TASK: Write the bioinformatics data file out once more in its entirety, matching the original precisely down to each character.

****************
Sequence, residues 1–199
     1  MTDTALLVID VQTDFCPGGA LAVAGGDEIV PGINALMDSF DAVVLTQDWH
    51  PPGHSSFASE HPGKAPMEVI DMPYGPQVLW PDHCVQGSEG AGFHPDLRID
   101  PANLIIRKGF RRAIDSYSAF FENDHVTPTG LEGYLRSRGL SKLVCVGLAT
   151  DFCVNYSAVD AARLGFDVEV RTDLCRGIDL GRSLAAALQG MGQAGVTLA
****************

Sequence, residues 1–199
     1  MTDTALLVID VQTDFCPGGA LAVAGGDEIV PGINALMDSF DAVVLTQDWH
    51  PPGHSSFASE HPGKAPMEVI DMPYGPQVLW PDHCVQGSEG AGFHPDLRID
   101  PANLIIRKGF RRAIDSYSAF FENDHVTPTG LEGYLRSRGL SKLVCVGLAT
   151  DFCVNYSAVD AARLGFDVEV RTDLCRGIDL GRSLAAALQG MGQAGVTLA